Service layer

All individual business operation must be placed into a service. One method call per business functionality.

A service is the unit of work. It have both logical and transactional boundaries.

Typical Service configuration

1        @Service
2        @Transactional(rollbackFor = { Exception.class })
3        public class SessionService implements ISessionService {
4          private final static Logger log = LoggerFactory.getLogger(SessionService.class);
5          @Autowired
6          private ISessionDao sessionDao;
7        ...

Autowire first

There are multiple way of wiring spring beans together:

You must declare where to search for annotated classes in spring.xml:

1        <context:component-scan base-package="ep.pericles.dao" />

You could declare implementations to be spring managed in spring xml or using annotation.

This will be only a plain bean:

1        @Component
2        public class AssignmentResponseErrWarnFormatter extends ReflectiveVisitor {

or Dao:

1        @Repository(value = "PliSessionDao")
2        public class PliSessionDao extends SessionDao implements IPliSessionDao {

or Service:

1        @Service
2        @Transactional
3        public class SessionService implements ISessionService {

For wiring automatically you can use @Autowire

1         @Autowired
2          private ISessionDao sessionDao;
3          @Autowired
4          private ISessionFinder sessionFinder;
5          @Autowired
6          private IInterpreterService interpreterService;

For more detail read spring manual.

Separate finder service from operations

You could qualify service into two categories: finder and operation.

Operations must have a strict declared transaction management around it.

Finder service are providing readonly functionalities. No transaction management expected to be effect on these services.

1        @Service
2        @Transactional(readOnly = true)
3        public class SessionFinder implements ISessionFinder {
4        ...


Most of the time it is enough to use declerative cache what Spring(3.1) provides ou of the box.

Declaration is not an issue and has no effect on the code at all:

1  @Cacheable("i18n")
2  public String text(String code, String lang_iso_code) { ...

in the spring xml:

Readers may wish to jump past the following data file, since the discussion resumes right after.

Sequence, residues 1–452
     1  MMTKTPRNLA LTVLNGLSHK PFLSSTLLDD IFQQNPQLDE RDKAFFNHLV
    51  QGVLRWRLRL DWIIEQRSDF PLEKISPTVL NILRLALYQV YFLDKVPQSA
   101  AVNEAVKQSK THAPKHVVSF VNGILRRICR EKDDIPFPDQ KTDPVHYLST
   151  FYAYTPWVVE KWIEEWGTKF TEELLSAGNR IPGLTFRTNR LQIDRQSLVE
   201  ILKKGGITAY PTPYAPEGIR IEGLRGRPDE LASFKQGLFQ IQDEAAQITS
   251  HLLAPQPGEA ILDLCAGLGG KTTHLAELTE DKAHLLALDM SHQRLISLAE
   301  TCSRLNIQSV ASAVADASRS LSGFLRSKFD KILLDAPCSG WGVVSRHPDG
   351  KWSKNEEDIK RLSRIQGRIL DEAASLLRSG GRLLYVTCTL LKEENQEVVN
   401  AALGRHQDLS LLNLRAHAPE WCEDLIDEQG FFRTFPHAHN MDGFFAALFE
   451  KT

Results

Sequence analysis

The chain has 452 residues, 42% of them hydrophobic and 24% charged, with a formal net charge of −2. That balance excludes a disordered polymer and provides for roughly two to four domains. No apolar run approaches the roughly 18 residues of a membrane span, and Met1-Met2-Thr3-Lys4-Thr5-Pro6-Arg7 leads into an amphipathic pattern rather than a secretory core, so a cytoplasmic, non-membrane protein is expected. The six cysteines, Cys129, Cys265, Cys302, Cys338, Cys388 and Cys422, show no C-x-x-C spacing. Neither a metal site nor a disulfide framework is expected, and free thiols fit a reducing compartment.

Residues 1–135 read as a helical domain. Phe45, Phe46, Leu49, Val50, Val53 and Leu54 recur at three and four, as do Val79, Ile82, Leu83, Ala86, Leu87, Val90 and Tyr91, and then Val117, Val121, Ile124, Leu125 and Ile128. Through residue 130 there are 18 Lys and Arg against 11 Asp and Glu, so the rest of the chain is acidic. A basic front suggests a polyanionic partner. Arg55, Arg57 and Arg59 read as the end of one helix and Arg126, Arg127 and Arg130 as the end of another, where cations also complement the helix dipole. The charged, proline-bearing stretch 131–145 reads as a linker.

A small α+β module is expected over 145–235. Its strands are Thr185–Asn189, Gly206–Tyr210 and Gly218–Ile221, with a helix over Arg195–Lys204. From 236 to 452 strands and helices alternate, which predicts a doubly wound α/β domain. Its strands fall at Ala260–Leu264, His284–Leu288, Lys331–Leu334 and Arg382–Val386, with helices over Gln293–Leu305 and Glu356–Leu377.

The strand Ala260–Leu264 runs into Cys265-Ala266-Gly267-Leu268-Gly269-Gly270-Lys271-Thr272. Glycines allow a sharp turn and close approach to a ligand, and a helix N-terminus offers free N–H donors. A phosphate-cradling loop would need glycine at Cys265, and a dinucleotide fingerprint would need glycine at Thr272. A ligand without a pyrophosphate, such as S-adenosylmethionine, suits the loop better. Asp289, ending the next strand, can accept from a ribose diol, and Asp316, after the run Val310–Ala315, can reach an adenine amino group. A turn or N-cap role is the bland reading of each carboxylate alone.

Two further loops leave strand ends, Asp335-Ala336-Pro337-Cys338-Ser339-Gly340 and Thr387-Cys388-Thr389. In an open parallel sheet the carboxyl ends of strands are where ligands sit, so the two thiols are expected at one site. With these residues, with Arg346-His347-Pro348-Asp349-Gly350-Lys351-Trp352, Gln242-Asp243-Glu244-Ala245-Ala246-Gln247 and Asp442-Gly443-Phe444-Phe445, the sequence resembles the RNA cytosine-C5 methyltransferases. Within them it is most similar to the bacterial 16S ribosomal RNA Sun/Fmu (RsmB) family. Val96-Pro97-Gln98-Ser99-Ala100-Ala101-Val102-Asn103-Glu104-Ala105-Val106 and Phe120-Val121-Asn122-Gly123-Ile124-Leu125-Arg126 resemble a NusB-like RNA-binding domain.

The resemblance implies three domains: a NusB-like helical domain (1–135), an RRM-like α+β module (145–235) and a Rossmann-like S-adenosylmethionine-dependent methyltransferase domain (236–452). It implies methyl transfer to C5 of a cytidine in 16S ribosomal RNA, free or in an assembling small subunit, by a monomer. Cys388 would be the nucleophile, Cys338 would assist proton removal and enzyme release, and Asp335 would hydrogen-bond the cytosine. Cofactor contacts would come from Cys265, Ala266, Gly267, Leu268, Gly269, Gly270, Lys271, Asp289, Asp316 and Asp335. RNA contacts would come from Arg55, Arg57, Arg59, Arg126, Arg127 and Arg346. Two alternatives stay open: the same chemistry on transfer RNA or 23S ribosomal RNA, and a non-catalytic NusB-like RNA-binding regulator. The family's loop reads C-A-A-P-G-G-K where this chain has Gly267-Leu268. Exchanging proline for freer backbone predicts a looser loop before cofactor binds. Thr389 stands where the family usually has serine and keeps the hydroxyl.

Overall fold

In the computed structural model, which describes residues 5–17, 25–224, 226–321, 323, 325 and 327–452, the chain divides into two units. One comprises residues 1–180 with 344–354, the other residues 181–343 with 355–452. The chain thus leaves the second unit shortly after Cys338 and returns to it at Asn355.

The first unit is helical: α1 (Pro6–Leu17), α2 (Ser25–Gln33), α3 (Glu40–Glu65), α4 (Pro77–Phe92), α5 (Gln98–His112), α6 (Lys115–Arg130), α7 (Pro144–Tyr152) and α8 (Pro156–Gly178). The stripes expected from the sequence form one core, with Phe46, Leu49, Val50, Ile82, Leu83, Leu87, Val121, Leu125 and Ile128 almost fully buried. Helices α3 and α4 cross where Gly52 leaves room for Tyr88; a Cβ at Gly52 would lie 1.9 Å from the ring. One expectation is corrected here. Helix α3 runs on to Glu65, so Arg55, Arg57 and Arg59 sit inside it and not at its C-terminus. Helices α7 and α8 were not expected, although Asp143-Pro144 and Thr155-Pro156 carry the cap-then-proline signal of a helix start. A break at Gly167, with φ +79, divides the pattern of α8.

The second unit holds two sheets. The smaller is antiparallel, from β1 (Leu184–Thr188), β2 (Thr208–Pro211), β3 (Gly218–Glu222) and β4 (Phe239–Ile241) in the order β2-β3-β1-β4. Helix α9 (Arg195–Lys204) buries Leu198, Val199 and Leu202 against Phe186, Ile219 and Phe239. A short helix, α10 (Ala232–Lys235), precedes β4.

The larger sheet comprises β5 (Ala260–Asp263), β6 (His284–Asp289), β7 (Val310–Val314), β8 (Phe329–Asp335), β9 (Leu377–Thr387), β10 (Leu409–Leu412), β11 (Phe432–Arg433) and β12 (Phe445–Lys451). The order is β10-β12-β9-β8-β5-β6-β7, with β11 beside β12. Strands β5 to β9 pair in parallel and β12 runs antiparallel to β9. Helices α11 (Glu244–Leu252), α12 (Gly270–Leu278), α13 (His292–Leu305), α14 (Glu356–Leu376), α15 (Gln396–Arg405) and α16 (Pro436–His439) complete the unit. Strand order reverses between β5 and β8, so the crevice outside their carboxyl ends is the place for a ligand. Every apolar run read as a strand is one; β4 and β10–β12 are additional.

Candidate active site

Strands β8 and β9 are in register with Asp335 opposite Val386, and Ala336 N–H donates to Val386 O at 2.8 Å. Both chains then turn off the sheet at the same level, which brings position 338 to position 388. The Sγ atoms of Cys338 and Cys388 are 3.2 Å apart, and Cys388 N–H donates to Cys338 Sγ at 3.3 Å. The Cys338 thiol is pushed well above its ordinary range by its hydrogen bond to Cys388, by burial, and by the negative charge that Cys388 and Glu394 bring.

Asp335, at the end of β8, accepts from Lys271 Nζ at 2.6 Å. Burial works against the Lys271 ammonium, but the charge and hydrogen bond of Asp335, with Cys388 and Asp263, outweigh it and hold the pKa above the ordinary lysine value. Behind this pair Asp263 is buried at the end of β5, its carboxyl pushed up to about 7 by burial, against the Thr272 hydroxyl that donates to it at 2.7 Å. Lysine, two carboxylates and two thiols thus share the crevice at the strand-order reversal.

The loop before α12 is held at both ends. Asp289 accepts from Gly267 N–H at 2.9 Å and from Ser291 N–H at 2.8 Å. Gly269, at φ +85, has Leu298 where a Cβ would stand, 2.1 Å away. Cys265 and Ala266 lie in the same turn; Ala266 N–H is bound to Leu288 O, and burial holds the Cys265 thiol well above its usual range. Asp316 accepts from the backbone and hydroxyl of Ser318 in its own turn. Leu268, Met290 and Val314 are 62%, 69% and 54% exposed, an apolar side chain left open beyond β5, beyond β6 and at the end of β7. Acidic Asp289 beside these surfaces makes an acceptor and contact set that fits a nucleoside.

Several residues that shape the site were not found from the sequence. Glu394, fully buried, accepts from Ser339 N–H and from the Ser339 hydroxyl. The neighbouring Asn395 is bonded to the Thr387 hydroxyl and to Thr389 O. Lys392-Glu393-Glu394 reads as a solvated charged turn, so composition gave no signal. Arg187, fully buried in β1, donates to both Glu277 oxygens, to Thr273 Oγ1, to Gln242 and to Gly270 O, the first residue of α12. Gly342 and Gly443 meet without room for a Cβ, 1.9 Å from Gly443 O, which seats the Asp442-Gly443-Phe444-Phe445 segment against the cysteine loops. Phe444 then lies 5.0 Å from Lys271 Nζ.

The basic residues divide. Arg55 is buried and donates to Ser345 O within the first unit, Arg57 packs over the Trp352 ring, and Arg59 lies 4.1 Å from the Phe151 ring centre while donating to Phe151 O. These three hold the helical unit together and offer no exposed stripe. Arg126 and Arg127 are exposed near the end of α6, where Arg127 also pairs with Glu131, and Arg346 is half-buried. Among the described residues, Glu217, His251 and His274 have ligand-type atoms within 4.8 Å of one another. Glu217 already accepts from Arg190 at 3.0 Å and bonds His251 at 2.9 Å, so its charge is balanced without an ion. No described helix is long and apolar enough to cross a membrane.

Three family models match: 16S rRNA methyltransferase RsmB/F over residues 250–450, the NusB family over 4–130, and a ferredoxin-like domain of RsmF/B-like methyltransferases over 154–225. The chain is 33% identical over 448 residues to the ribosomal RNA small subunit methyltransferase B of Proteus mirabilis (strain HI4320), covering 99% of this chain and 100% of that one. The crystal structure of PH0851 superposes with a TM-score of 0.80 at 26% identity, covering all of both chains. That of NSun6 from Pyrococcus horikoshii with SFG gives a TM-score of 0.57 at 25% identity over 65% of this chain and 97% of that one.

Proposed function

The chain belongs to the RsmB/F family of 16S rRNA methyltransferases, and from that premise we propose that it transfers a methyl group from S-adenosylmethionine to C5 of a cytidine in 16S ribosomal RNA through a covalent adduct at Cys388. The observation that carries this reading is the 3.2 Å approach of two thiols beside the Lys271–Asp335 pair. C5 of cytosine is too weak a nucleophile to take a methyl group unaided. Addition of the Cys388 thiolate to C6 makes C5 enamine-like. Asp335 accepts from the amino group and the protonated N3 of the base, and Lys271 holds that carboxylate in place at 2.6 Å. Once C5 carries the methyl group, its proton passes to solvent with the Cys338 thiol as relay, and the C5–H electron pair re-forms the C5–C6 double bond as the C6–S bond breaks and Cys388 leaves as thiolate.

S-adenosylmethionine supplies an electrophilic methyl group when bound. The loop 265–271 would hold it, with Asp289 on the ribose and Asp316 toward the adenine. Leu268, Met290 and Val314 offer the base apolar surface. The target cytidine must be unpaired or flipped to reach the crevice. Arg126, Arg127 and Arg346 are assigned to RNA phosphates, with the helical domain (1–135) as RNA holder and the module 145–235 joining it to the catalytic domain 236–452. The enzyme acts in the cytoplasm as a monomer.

1        <bean id="cacheManager" class="">
 2                <property name="caches">
 3                        <set>
 4                                <bean class="org.springframework.cache.concurrent.ConcurrentMapCacheFactoryBean" p:name="default" />
 5                                <bean class="org.springframework.cache.concurrent.ConcurrentMapCacheFactoryBean" p:name="UnavReason" />
 6                                ...
 7                        </set>
 8                </property>
 9        </bean>

This XML confign is the simplest solution (mainly for prototype or testing purposes) In production ready code you should use EHcache or something else.

This annotation can be applied to both dao and service level.

Cache problem - not caching when internal method is called

This cache is easy to use and easy to missuse. Bu the problem is not about the cache but how Spring handling proxied bean insances.

You might notice that the method call is not cached even if it has the annotation on it. Typical case when the annotated method is called internally. Example:

1  @Cacheable(value = "Interpreter")
2  public Map<Long, InterpreterDto> getAllInterpretersMap(List<Long> ids) {
3  ...
4  //within he same class
5  ...
6  Object x = this.getAllInterpretersMap(asList(1,2,3));

In this case the @Cacheable annotation is not applied because the cache is build around the instance not inside.


  1. Refactor you code to have external access to that method
  2. use explicite cache
  3. Resolve in an other way

Cache problem - not caching even if I call externally

The origin of the problem can be related to the default KeyGenerator implementation. It does not support:

Home made KeyGenerator

Solution: use your own implemenation.

 1public class AppKeyGenerator implements KeyGenerator {
 2  private static Logger log = LoggerFactory.getLogger(AppKeyGenerator.class);
 4  @Override
 5  public Object generate(Object target, Method method, Object... params) {
 6    Class<?> objectclass = AopProxyUtils.ultimateTargetClass(target);
 7    List<Object> cacheKey = new ArrayList<Object>();
 8    cacheKey.add(objectclass.getName().intern());
 9    cacheKey.add(System.identityHashCode(target));
10    cacheKey.add(method.toString().intern());
11    ImmutableList.Builder<Object> paramBuilder = new ImmutableList.Builder<Object>();
12    buildFlattenParamList(paramBuilder, params);
13    List<Object> flattenParamList =;
14    cacheKey.addAll(flattenParamList);
15    log.trace("{}", cacheKey);
16    return cacheKey;
17  }
19  private void buildFlattenParamList(Builder<Object> paramBuilder, Object[] params) {
20    for (Object p : params) {
21      if (p instanceof Object[]) {
22        buildFlattenParamList(paramBuilder, (Object[]) p);
23      }
24      else {
25        paramBuilder.add(p);
26      }
27    }
28  }

And add to spring xml:

1        <cache:annotation-driven key-generator="app_key_generator" />
2        <bean id="app_key_generator" class="ep.pericles.cache.AppKeyGenerator" />

Use the KEY

Not so lazy solution.

See Custom Key Generation Declaration

Warning: SPEL might have serious perfomance concequences.

Technology stack
Jul 02, 2013
comments powered by Disqus